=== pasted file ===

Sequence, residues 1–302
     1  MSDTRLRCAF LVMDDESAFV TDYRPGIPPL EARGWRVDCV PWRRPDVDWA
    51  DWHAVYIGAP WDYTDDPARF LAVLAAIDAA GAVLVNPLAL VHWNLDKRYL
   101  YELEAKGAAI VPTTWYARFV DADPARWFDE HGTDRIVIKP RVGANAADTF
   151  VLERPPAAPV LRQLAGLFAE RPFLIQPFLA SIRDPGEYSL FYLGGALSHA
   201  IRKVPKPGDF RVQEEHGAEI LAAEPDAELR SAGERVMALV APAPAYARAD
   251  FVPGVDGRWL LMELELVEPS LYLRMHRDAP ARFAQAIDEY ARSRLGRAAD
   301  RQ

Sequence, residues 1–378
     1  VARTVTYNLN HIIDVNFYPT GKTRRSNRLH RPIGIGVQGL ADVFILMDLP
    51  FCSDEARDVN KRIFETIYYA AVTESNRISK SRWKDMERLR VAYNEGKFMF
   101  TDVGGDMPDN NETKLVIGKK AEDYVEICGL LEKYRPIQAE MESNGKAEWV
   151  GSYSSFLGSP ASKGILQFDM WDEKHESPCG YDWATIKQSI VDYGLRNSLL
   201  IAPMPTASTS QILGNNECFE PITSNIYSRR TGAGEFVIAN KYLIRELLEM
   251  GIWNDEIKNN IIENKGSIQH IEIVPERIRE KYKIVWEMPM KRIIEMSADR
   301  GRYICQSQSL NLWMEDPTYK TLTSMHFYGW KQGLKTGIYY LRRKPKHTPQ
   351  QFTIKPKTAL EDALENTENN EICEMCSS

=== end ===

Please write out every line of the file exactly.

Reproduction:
Sequence, residues 1–302
     1  MSDTRLRCAF LVMDDESAFV TDYRPGIPPL EARGWRVDCV PWRRPDVDWA
    51  DWHAVYIGAP WDYTDDPARF LAVLAAIDAA GAVLVNPLAL VHWNLDKRYL
   101  YELEAKGAAI VPTTWYARFV DADPARWFDE HGTDRIVIKP RVGANAADTF
   151  VLERPPAAPV LRQLAGLFAE RPFLIQPFLA SIRDPGEYSL FYLGGALSHA
   201  IRKVPKPGDF RVQEEHGAEI LAAEPDAELR SAGERVMALV APAPAYARAD
   251  FVPGVDGRWL LMELELVEPS LYLRMHRDAP ARFAQAIDEY ARSRLGRAAD
   301  RQ

Sequence, residues 1–378
     1  VARTVTYNLN HIIDVNFYPT GKTRRSNRLH RPIGIGVQGL ADVFILMDLP
    51  FCSDEARDVN KRIFETIYYA AVTESNRISK SRWKDMERLR VAYNEGKFMF
   101  TDVGGDMPDN NETKLVIGKK AEDYVEICGL LEKYRPIQAE MESNGKAEWV
   151  GSYSSFLGSP ASKGILQFDM WDEKHESPCG YDWATIKQSI VDYGLRNSLL
   201  IAPMPTASTS QILGNNECFE PITSNIYSRR TGAGEFVIAN KYLIRELLEM
   251  GIWNDEIKNN IIENKGSIQH IEIVPERIRE KYKIVWEMPM KRIIEMSADR
   301  GRYICQSQSL NLWMEDPTYK TLTSMHFYGW KQGLKTGIYY LRRKPKHTPQ
   351  QFTIKPKTAL EDALENTENN EICEMCSS